Here's Why Will Smith's Casting as Tennis Patriarch Richard Williams Is So Disappointing
In a time where the media is celebrated for creating a wealth of diverse movies and TV shows, rightfully reprimanded for willful blunders, and reminded that there's still so much further to go to create more authentic representations onscreen, there are some situations where you have to wonder if anyone is actually getting it. Such is the case after Deadline reported that Will Smith is "poised" to play Richard Williams in King Richard, an upcoming biopic on the father and tennis coach of Venus and Serena Williams.
The film itself is based on a script by Zach Baylin and will center on Williams overcoming hardship, skepticism, controversy, and his own troubled past to teach his daughters to play tennis. He began instructing them when they were 4 years old on the tennis courts of Compton, CA, despite not having a background in the sport himself. As we all know, both Venus and Serena have gone on to become legendary tennis champions, winning 14 Grand Slam doubles championships together, along with all their individual wins. The film has all the makings of being truly amazing — aside from the fact that the first choice for a lead looks nothing like the focus of their film. The difference between Smith, a light-skinned black man, and Williams, a dark-skinned black man, is blatantly obvious and has drawn a wave of backlash from sports and film fans alike.
Many of the critics calling foul on the casting have cited colorism as being the leading factor for Smith's involvement in the film. The reasoning echoes the controversies surrounding multiple films over the last few years, including the casting of Zoe Saldana as Nina Simone in the 2016 film Nina, Dwayne Johnson's casting as folk hero John Henry in the upcoming Netflix film John Henry and the Statesmen, and Amandla Stenberg's role in 2018's The Hate U Give.
There are many people who won't (or refuse to) understand why this is a problem, and might ask what difference it makes, since Smith is a black man, just like Williams. First, to non-black people who make this argument: it's important to remember that those who aren't within a marginalized racial or ethnic group are not arbitrators of what is or isn't acceptable to members of said group. Second, it's also important to remember that representation matters. In a world where it's hard for black actors to get roles — especially leading roles — it's even harder when they're dark-skinned. Black Panther is one of the few films where we have nearly an entire cast of dark-skinned actors, and that came out in 2018!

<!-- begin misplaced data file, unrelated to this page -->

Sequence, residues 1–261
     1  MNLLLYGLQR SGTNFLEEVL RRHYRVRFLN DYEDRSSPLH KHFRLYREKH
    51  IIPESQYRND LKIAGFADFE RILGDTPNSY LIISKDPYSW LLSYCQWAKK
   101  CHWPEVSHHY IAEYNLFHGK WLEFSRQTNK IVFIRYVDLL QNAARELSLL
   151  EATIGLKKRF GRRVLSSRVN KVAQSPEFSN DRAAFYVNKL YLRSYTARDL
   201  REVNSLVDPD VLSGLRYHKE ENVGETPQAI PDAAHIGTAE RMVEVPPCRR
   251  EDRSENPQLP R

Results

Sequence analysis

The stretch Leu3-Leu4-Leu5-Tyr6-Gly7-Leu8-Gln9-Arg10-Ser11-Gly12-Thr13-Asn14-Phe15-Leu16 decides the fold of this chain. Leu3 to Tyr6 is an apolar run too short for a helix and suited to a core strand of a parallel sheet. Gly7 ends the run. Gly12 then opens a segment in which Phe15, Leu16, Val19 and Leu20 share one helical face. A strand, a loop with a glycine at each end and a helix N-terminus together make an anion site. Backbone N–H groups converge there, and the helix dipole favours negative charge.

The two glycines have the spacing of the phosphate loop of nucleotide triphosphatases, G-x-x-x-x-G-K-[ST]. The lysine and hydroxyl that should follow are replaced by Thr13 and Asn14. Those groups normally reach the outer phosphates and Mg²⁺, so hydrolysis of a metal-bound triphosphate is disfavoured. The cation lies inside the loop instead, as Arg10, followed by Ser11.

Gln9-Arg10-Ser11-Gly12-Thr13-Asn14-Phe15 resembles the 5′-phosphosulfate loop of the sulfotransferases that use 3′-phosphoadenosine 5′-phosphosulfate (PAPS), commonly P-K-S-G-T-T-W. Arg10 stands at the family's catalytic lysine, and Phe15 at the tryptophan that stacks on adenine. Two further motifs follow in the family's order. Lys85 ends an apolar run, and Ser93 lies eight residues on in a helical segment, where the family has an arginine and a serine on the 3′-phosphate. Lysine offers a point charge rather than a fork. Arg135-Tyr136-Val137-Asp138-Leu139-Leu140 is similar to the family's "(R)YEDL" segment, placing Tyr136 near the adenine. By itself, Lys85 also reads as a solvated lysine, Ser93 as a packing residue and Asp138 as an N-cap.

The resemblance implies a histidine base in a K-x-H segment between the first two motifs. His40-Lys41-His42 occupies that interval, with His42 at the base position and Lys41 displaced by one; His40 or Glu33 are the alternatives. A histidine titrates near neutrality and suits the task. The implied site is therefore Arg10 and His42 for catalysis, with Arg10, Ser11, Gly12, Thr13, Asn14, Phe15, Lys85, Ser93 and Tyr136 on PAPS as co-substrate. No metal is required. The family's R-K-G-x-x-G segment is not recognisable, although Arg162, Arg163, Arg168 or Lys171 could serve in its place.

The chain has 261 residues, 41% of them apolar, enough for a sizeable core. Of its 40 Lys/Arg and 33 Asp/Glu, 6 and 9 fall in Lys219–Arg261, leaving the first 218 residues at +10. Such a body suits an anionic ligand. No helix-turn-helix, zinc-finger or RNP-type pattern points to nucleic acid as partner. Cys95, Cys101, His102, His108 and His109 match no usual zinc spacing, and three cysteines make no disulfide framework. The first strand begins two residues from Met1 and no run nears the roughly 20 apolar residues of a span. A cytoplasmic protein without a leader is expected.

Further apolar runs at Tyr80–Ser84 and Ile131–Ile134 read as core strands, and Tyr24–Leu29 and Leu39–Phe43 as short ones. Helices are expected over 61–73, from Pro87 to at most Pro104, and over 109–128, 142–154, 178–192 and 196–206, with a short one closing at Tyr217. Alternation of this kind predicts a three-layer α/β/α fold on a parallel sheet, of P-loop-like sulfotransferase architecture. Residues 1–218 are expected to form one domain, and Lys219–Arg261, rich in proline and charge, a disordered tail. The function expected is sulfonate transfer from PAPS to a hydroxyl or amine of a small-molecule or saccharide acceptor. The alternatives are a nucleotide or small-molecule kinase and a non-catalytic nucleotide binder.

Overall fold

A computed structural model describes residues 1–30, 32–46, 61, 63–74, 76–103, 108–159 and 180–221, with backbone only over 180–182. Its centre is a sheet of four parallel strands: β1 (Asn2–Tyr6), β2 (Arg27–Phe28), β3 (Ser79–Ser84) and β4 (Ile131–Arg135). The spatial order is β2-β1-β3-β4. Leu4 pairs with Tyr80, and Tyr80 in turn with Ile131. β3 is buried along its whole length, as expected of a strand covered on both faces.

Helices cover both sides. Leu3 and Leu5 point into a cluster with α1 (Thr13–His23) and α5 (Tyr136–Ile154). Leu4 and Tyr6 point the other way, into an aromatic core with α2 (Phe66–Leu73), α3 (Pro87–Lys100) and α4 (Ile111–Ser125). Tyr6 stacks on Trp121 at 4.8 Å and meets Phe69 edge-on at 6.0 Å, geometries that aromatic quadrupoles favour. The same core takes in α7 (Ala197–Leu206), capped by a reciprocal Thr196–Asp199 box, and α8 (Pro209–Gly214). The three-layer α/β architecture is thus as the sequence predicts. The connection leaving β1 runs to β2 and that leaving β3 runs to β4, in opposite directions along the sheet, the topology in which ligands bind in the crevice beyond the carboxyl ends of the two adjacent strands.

Recently, black actors have been more candid and upfront about colorism in Hollywood and how it plays into the roles they are offered. The ongoing conversation proves that, regardless of whether Smith wants the role or not, there's no reason to take the opportunity from a dark-skinned actor — of which there are plenty for choose from! There isn't even the excuse that casting Smith ensures the film will get more money or more attention, because that's been proven wrong in the past. It comes across as tokenism to give the lead role to the most famous black actor currently relevant, with no thoughts to whether it lends to the film's credibility.
In a time where we as a society are pushing for more diverse stories to be told, we're also pushing for authenticity. Yes, Smith and Williams are both black men, but the difference in their skin tones plays a factor in how they're treated in society. So much of the Williams family's trials and tribulations center around their blackness and how people treated them because of it. If someone is going to tell the story of the family patriarch, finding a talented actor who has his skin tone is truly the least they can do. Williams has gone through life as a dark-skinned black man and, as the comments regarding the casting indicate ahead, deserves to be depicted in his own story as such.